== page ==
"Kingdom of Heaven - Heinrich Laufenberg", Ensemble Dragma (Label Ramée, 2014). This recording contains the premier recording of the 5 pieces from the "Wolfenbüttel Lute Tablature".

“Kingdom of Heaven – Heinrich Laufenberg”, Ensemble Dragma (Label Ramée, 2014). This recording contains the premier recording of the 5 pieces from the “Wolfenbüttel Lute Tablature”.

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Finding the Fingering

[The Wolfenbüttel Lute Tablature is arguably the earliest extant source for lute music in Western Europe and, even though it survives merely as a fragment, the only known specimen of the tablature system described in the Kassel Collum Lutine. For more information on the source see the introductory entry to this blog series.]

In contrast to other known lute tablatures the Wolfenbüttel-Kassel system seems to be the only one that does not provide definite instructions for the left hand fingering. Lute tablatures usually work like coordinate systems, where the strings (or rather: the courses) are represented by a range of parallel, horizontal lines while the intended fretting is indicated on said lines by letters or numbers. German lute tablature admittedly looks very different but employs the same system, in essence, combining both the information for the horizontal (which string) and vertical position (which fret) into one symbol that represents both. These systems do not tell us which finger should be put there, but they convey information on where on the fingerboard the intabulator intended a certain note to be fretted. Continue reading

Clefs and Tuning

[The Wolfenbüttel Lute Tablature is arguably the earliest extant source for lute music in Western Europe and, even though it survives merely as a fragment, the only known specimen of the tablature system described in the Kassel Collum Lutine. For more information on the source see the introductory entry to this blog series.]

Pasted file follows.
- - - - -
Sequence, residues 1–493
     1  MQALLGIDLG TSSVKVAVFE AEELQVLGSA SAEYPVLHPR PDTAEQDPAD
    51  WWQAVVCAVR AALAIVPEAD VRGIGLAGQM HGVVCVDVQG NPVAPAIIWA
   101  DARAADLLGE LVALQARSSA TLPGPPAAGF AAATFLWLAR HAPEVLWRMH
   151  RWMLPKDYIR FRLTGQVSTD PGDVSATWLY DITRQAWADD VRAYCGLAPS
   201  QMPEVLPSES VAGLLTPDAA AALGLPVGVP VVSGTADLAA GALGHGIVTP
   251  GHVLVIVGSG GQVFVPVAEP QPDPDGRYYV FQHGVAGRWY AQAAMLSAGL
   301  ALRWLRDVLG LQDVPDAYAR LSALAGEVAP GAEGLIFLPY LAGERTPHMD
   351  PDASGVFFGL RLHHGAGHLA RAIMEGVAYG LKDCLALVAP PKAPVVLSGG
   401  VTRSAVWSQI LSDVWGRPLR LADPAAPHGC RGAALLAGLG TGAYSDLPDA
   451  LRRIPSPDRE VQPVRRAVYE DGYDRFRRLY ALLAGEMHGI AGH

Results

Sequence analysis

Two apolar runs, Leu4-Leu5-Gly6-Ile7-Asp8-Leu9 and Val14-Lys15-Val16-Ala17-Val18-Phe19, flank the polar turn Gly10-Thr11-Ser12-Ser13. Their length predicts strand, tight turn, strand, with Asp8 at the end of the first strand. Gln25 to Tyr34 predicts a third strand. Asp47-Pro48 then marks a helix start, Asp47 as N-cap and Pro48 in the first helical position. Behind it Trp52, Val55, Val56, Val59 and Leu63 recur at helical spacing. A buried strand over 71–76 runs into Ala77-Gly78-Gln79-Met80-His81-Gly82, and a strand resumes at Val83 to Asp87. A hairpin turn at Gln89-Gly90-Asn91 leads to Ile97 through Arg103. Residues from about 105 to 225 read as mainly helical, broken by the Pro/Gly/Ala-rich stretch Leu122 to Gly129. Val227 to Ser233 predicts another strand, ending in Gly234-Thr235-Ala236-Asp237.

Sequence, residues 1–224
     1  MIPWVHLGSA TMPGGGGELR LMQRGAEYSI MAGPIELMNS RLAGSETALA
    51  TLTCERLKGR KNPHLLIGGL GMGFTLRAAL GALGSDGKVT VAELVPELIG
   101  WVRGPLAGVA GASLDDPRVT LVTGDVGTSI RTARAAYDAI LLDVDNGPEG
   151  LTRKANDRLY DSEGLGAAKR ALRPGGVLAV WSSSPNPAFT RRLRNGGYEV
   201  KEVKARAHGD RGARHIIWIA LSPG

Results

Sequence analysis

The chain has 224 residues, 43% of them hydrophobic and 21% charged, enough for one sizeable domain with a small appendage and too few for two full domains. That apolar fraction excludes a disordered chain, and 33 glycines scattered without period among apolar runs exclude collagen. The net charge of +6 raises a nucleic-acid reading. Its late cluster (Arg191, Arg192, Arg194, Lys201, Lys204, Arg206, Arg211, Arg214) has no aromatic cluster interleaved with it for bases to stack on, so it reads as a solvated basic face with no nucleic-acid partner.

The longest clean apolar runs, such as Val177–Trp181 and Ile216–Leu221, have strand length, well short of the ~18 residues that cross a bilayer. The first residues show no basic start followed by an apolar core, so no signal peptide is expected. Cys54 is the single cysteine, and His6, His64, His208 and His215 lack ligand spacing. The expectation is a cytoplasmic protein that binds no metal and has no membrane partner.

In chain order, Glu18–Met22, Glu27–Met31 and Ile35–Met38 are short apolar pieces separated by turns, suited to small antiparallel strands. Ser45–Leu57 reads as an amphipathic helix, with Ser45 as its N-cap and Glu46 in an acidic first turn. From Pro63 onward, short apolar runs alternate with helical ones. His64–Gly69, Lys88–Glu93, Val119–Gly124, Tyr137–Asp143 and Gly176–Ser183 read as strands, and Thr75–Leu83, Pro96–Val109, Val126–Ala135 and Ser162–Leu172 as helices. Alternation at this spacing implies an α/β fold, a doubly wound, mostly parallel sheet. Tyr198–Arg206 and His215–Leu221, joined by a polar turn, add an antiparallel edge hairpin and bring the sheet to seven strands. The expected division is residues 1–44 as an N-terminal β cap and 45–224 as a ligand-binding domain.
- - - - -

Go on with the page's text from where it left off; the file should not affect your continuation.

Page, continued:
The Wolfenbüttel Lute Tablature features an array of 5 keys at the beginning of each system of notation (g-c-f-cc-gg):

D-Wa cod. VII B Hs Nr. 264 (Wolfenbüttel Lute Tablature), fol. Av—clefs.

WolfT—clefs

The clef to the lowest line is slightly misleading in that it is a lowercase “g” instead of a capital “G” or better even: a “Γ” (“Gamut”). Continue reading

Dotted Rhythms and all the Rests

[The Wolfenbüttel Lute Tablature is arguably the earliest extant source for lute music in Western Europe and, even though it survives merely as a fragment, the only known specimen of the tablature system described in the Kassel Collum Lutine. For more information on the source see the introductory entry to this blog series.]

Even though the organ tablatures of the time customarily feature dotted rhythms on all mensural levels, the Wolfenbüttel Lute Tablature does not seem to use them. When having a closer look, however (see the blog entries to the individual intabulations: WolfT 1, WolfT 2, WolfT 3, WolfT 4, WolfT 5), dotted rhythms do occur. Continue reading

Open Heads and Chromatics

[The Wolfenbüttel Lute Tablature is arguably the earliest extant source for lute music in Western Europe and, even though it survives merely as a fragment, the only known specimen of the tablature system described in the Kassel Collum Lutine. For more information on the source see the introductory entry to this blog series.]

One of the eye-catching features of the Wolfenbüttel Tablature is the striking shape of the note heads, which appears in a very similar fashion in the Kassel Collum Lutine. The note heads seem to only consist of two almost parallel lines—one of which will also constitute the stem when applicable—, thus leaving the top and bottom of the head open. Continue reading